Identity Proofing (IDP): Why It’s Essential to Patient and Prescriber Safety
People steal digital identities at an alarming rate, with Medical Identity Theft being a key target. Medical Identity Theft is when someone steals or uses your personal information (like your name, Social Security number, or Medicare number) to submit fraudulent claims to Medicare and other health insurers without your authorization. Medical identity theft can disrupt your medical care and wastes millions of taxpayer dollars.
As consumers, we should always protect our personal information, check medical bills and statements, and report any questionable charges or fraud. For businesses like doctors, hospitals, surgery centers, and other healthcare entities that handle personal information for patients, Identity Proofing is key to mitigating fraud, which, according to The Institute of Medicine, costs the U.S. healthcare system more than $75 billion annually.
What is Identity Proofing?
Identity Proofing is the process by which a Credential Service Provider (CSP) collects, validates, and verifies information about a person.
According to the NIST Special Publication 800-63-3 Digital Identity Guidelines:
“Identity proofing establishes that a subject is who they claim to be. Digital authentication establishes that a subject attempting to access a digital service is in control of one or more valid authenticators associated with that subject’s digital identity. For services in which return visits are applicable, successfully authenticating provides reasonable risk-based assurances that the subject accessing the service today is the same as that which accessed the service previously.
Digital identity presents a technical challenge because this process often involves proofing individuals over an open network, and always involves the authentication of individual subjects over an open network to access digital government services. The processes and technologies to establish and use digital identities offer multiple opportunities for impersonation and other attacks.”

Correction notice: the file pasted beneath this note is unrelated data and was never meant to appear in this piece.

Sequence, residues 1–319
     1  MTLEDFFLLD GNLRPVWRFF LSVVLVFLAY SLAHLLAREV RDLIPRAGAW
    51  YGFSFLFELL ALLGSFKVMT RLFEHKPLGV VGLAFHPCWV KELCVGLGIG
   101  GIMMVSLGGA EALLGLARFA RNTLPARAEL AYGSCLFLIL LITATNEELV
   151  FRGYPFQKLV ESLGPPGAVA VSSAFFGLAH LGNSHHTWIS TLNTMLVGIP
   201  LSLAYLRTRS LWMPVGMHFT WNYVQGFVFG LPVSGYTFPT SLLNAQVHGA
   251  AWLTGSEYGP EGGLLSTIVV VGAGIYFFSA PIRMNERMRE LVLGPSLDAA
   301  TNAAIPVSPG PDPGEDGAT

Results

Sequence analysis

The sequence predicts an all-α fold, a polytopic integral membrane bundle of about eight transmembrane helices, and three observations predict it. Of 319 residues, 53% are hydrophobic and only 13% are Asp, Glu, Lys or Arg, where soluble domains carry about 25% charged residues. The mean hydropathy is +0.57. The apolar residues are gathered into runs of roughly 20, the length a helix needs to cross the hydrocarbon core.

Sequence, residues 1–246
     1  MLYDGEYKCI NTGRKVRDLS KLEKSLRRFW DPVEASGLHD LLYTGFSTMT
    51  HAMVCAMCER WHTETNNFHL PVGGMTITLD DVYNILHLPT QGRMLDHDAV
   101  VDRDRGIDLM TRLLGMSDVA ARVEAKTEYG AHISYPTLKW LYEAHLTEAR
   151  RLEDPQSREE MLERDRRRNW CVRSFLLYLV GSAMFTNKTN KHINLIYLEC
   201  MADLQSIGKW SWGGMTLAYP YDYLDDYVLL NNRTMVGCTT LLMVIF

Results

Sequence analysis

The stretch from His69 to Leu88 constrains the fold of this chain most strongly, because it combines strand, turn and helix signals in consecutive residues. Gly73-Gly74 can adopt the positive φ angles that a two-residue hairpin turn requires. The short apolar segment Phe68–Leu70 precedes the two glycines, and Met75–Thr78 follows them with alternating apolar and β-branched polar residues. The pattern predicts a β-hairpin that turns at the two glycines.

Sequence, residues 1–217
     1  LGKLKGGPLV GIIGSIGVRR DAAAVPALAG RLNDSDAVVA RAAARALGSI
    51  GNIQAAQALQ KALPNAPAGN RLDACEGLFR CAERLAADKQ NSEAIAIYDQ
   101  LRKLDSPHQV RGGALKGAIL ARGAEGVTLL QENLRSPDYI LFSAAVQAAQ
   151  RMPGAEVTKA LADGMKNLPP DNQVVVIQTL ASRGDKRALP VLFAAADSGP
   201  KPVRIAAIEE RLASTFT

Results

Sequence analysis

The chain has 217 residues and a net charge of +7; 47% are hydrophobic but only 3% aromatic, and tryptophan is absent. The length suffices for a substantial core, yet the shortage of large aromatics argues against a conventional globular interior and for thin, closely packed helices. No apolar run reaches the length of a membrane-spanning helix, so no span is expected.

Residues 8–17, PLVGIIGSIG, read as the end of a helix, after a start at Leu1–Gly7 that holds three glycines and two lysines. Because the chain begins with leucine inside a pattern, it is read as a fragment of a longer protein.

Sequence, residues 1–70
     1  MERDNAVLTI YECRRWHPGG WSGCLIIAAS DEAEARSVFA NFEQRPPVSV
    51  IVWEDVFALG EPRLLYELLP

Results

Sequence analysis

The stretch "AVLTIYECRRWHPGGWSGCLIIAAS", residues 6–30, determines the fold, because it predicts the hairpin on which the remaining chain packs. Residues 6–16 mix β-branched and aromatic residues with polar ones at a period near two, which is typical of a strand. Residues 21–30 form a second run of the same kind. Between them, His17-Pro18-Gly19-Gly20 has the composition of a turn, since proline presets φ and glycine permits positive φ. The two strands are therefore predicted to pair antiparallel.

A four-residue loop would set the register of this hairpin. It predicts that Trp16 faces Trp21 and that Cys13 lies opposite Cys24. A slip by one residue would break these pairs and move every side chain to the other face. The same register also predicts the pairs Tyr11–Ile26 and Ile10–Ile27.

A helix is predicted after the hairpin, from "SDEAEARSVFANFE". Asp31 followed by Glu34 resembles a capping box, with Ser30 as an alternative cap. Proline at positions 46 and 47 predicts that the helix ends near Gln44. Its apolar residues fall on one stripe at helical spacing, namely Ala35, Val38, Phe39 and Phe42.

Why is ID Proofing necessary?
A digital identity is the unique representation of a person engaged in any online transaction. A digital identity is always unique in the context of a digital service but does not necessarily need to uniquely identify the subject in all contexts. In other words, accessing a digital service may not mean that the subject’s real-life identity is known. Identity Proofing ensures the digital identity of an individual and the individual are one and the same – and not someone pretending to be someone else online.
What elements are required in ID Proofing?
The National Institute of Standards and Technology’s NIST Special Publication 800-63-3, Digital Identity Guidelines calls for collecting and assessing multiple pieces of user-asserted evidence to make an identity-proofing decision. These changes have been made because of the continuous compromise of personally identifiable information (PII), including elements such as name, SSN, and physical address.
Click for the HHS.gov list of acceptable documentation that can be used to verify a consumer’s identity. Each document includes an image example, if available, and criteria to help verify the document. A consumer can provide proof of his or her identity by submitting any one of the Tier 1 documents or a combination of the Tier 2 documents detailed in the table.
How can you ensure you are compliant with ID Proofing?
The Department of Health and Human Services has a number of resources available on their Cybersecurity Guidance site for providers to ensure they are compliant with not only ID proofing but other cyber security protections. HIPAA-regulated entities that adopt cybersecurity best practices and comply with the requirements of the HIPAA (Health Insurance Portability & Accountability Act) Security Rule will be better protected against security incidents and data breaches.